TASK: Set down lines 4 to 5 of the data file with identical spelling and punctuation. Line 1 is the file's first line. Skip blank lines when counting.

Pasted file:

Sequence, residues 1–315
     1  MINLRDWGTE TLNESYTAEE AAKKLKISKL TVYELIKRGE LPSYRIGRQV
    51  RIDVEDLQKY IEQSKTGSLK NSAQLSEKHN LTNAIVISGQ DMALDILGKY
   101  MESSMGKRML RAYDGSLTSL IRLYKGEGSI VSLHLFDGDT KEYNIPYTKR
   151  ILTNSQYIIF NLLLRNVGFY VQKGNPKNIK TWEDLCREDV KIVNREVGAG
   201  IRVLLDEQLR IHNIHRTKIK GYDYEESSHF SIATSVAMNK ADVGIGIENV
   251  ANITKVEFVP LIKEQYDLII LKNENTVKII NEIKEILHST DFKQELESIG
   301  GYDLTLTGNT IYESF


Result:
   101  MESSMGKRML RAYDGSLTSL IRLYKGEGSI VSLHLFDGDT KEYNIPYTKR
   151  ILTNSQYIIF NLLLRNVGFY VQKGNPKNIK TWEDLCREDV KIVNREVGAG